When Ayesha Ofori began buying homes to rent out in 2012, London was at the front and centre of her portfolio. With a lump sum to invest, the former City professional bought half a dozen properties in the capital. Nine years on, she is still investing — but with a very different target in mind.
“When it comes to buy-to-let, the numbers in London and the South East just aren’t compelling. If you go further north you get more bang for your buck,” she says. “Prices are lower and you can get decent rental yields as well.”
With about 20 properties in a portfolio managed with her husband, Ofori has bought homes in Birmingham and Dudley, and is completing new purchases in Walsall and Wolverhampton.
In the years following the financial crisis, London and the South East was a hotbed for buy-to-let landlords, as the economy staged a strong recovery, tenant demand soared and buyers looked to sweeten rental returns with house price rises: in London, prices rose by 78 per cent in the 10 years from 2007, compared with a fall of 9 per cent in north-east England, according to research by property agent Savills.
That picture is now in flux, as London’s performance has stagnated while the gains elsewhere in prices and rents have accelerated. Ofori, founder of PropElle, a network for women property investors, is unusual among landlords in being willing to invest far beyond her home territory. But there are signs that investors across the UK are looking at improving prospects for the private rented sector outside the capital and the Southeast.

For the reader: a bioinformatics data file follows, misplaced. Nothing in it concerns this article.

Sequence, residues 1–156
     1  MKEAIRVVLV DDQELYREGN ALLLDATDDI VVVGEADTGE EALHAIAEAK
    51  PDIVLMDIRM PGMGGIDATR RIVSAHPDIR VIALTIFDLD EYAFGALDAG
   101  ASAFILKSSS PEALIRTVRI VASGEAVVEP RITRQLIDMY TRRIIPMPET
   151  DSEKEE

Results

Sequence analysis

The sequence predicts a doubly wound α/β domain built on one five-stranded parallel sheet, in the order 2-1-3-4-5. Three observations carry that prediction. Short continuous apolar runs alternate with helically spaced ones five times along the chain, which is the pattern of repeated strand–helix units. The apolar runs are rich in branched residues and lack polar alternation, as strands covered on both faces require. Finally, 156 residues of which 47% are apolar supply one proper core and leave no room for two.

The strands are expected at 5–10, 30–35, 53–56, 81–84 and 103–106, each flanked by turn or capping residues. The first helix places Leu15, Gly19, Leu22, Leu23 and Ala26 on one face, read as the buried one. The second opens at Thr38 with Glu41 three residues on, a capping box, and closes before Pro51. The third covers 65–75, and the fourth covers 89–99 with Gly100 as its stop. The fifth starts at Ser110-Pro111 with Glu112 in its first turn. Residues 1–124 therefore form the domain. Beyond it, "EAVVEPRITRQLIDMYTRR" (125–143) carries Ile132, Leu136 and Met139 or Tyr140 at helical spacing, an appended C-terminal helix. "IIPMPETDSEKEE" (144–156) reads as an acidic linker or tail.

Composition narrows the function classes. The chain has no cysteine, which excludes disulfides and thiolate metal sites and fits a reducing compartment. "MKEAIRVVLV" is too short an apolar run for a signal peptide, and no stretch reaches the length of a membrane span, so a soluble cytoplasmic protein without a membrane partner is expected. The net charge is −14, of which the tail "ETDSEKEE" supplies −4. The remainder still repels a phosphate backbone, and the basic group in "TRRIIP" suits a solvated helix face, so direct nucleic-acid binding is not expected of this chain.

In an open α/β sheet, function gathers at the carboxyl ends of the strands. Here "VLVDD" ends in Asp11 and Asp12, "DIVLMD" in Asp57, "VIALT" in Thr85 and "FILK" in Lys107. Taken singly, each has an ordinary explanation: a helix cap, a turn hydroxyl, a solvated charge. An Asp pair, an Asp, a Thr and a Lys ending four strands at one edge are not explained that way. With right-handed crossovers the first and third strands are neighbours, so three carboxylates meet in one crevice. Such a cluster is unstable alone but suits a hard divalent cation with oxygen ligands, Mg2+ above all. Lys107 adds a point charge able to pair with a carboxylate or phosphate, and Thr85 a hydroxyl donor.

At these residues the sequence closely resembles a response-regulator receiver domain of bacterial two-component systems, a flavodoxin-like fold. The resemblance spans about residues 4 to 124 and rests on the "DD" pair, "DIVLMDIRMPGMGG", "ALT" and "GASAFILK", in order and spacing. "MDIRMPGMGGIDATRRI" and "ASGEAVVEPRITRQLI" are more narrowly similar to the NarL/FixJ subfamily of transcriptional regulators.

FT Money explores how demand among landlord-investors is changing with shifts in the UK residential property outlook, the impact of policy changes and the risks of failing to understand what drives a local market.
Our analysis comes as this week’s local elections have focused attention on local politics across the UK, especially in districts in the Midlands and the North, where Boris Johnson’s government has pledged to level up living standards, including in housing.
The changing landscape of growth
The buy-to-let market has been put through the wringer since 2016 after a succession of regulatory and tax changes complicated the business for landlords and whittled down their profits.
A stamp duty surcharge was introduced in April 2016, adding an extra 3 per cent on to the cost of a purchase for buy-to-let and second home buyers in England and Northern Ireland (now 4 per cent in Wales and Scotland). The following year, the government began to withdraw mortgage tax relief for landlords in the higher rate tax bracket, a process completed in 2020. Brexit also put many investors on a more cautious footing.